• 6. started off with manufacturing light bulbs and electrical equipment and is credited withseveral inventions but even after having technical know-how, the company faced financialchallenges in 1990s due to two reasons. Firstly, the company was operating in too many industrieslosing its focus. Secondly, the company did not focus on marketing. Major changes were carried outinside the company to streamline the processes, and “Let’s make things better” campaign waslaunched in 1995 which replaced the 26 slogans used by Philips in various countries to wither thedamages done in the past; thus standardizing the brand message across borders. Later in 2004, the“Sense and Sensibility” campaign was initiated as the top hierarchical management believed that theprevious campaign was not able to convey the desired image of superiority in design and quality ofPhilip’s products (Govind 2007) (Exhibit 2). Philips when conducted in-depth interviews and focusgroup research, found out that the customers were interested in latest and ‘user-friendly’technology. By ‘sense’, Philips meant “intimately understanding the needs and aspirations ofconsumers and customers in order to develop innovative solutions” while simplicity referred to“easy to experience” ( per the new brand promise, the company was to develop simple user-friendly products withsimple designs after understanding the unmet needs of the customers. The notion of simplicity wasnot only applied to products but within the organization as well.The execution of this standardized message was carried out across borders following the ‘etic’approach in which “products and communication are derived from culturally universal criteria, andare essentially the same for all cultures” (van Raaij 1997). This might be an attractive proposition insome parts of the world, however it may not be very effective in others. United Kingdom (UK) andThailand are selected on account of vertical segmentation – taking into account the differencesbetween nations and ignoring the differences within a nation – for the analysis of attractiveness ofthis market proposition in two different cultures (van Raaij 1997). 4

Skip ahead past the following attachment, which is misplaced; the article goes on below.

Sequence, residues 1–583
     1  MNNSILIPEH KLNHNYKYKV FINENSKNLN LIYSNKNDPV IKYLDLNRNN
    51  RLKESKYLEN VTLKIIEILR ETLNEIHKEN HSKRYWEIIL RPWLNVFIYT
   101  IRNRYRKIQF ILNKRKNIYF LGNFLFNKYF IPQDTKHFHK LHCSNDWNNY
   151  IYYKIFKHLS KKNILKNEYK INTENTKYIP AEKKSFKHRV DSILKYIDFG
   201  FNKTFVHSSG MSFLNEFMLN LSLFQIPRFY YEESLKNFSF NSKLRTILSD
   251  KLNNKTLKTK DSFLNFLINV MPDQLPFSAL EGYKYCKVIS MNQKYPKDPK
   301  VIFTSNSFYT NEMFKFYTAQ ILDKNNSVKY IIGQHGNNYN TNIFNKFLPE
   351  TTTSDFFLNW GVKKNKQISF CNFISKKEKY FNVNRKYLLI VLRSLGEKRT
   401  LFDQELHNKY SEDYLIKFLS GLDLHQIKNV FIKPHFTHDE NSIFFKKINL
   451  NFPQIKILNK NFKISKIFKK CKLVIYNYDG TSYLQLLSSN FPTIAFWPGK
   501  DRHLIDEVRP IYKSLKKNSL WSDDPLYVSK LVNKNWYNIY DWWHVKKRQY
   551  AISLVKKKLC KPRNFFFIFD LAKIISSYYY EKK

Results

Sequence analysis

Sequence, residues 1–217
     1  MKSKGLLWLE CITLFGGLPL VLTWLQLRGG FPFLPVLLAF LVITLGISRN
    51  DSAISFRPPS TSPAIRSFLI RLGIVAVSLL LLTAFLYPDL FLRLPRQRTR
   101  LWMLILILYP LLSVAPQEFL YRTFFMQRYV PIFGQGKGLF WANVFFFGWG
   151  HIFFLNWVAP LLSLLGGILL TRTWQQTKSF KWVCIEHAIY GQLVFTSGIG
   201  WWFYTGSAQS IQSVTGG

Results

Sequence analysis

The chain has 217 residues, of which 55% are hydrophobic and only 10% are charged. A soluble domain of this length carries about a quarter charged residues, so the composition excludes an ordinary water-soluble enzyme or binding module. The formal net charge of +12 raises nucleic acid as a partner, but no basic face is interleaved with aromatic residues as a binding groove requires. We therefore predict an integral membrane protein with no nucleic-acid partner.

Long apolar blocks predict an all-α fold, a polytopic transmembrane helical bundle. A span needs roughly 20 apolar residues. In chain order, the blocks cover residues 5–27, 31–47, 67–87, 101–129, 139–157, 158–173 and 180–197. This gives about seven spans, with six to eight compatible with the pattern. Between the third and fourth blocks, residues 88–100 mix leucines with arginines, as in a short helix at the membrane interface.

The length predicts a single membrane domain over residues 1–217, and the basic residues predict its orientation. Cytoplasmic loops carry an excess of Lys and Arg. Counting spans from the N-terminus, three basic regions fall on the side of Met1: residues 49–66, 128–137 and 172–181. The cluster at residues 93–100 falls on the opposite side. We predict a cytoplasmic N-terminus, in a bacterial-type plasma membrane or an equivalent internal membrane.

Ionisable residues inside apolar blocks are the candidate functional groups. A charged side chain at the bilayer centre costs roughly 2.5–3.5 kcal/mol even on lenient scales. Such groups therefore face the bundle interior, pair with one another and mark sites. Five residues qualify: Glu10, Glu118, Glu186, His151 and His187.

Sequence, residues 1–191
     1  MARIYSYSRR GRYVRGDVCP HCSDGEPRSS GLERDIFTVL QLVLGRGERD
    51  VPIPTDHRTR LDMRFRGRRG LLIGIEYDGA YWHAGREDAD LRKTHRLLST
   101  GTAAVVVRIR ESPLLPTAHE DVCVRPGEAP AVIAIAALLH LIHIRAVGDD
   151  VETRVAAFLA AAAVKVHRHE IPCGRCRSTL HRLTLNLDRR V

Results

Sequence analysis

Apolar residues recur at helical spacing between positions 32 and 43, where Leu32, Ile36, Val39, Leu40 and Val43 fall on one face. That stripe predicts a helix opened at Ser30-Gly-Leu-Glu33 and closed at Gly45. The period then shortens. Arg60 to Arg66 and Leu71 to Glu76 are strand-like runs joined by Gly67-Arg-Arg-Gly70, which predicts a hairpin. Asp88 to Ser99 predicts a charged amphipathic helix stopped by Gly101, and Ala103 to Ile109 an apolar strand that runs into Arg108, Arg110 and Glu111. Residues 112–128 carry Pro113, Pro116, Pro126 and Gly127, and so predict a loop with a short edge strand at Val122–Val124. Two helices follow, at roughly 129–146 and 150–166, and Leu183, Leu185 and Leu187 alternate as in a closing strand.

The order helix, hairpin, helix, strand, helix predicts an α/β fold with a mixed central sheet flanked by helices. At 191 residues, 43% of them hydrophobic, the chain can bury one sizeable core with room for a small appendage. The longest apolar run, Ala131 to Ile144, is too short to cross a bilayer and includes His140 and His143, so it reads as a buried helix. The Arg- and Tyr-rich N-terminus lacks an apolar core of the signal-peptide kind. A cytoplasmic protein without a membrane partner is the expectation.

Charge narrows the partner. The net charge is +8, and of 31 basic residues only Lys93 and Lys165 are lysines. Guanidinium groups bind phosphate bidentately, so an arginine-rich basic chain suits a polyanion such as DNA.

• 7. comprise of and also differ in terms of values, rituals, heroes and symbols. Consumers whobelong to and grow up in a certain culture become habituated to that culture’s values, beliefs andperception processes (Zhang and Neelankavil 1996). In 1952, two well-known anthropologists,Kroeber and Kluckhohn, collected 164 definitions of culture; the oldest definition was given byTaylor. According to Taylor, culture is “a complex whole which includes knowledge, beliefs, art,morals, laws, customs and any other capabilities and habits acquired by individuals as members ofsociety” (First 2009). The results of the study conducted by Daghfous et al (1999) clearly show thatindividual values have a significant impact on consumers behavior.On the account of language solely, this standardized proposition might not be much attractive inThailand in comparison to UK, as English is not the native language of Thais and much of thepopulation does not understand English. Moreover, due to the abstract nature of the proposition, itis difficult for Thais to make sense of “Sense and Simplicity”. Conversely, British can easilyunderstand and make sense of Philips’ proposition. On Philips’ website for Thai consumers, all thecontent had been translated into Thai – on the assumption or evidence that Thais may not be able tocomprehend the content in English effectively – except the brand name and Philips’ central message(Appendix 1). Thais may not be able to grasp the implicit meaning of “Sense and Simplicity” as well.“When communicating value proposition of a brand which is not a strap line but is a central themeto which everything must adhere, even locally” (Marks 2009), the need to recognize the difference inthe languages across borders and the way in which words are perceived is important to developcorporate reputation and hence competitive advantage (van den Bosch et al 2005) (Figure 1). 5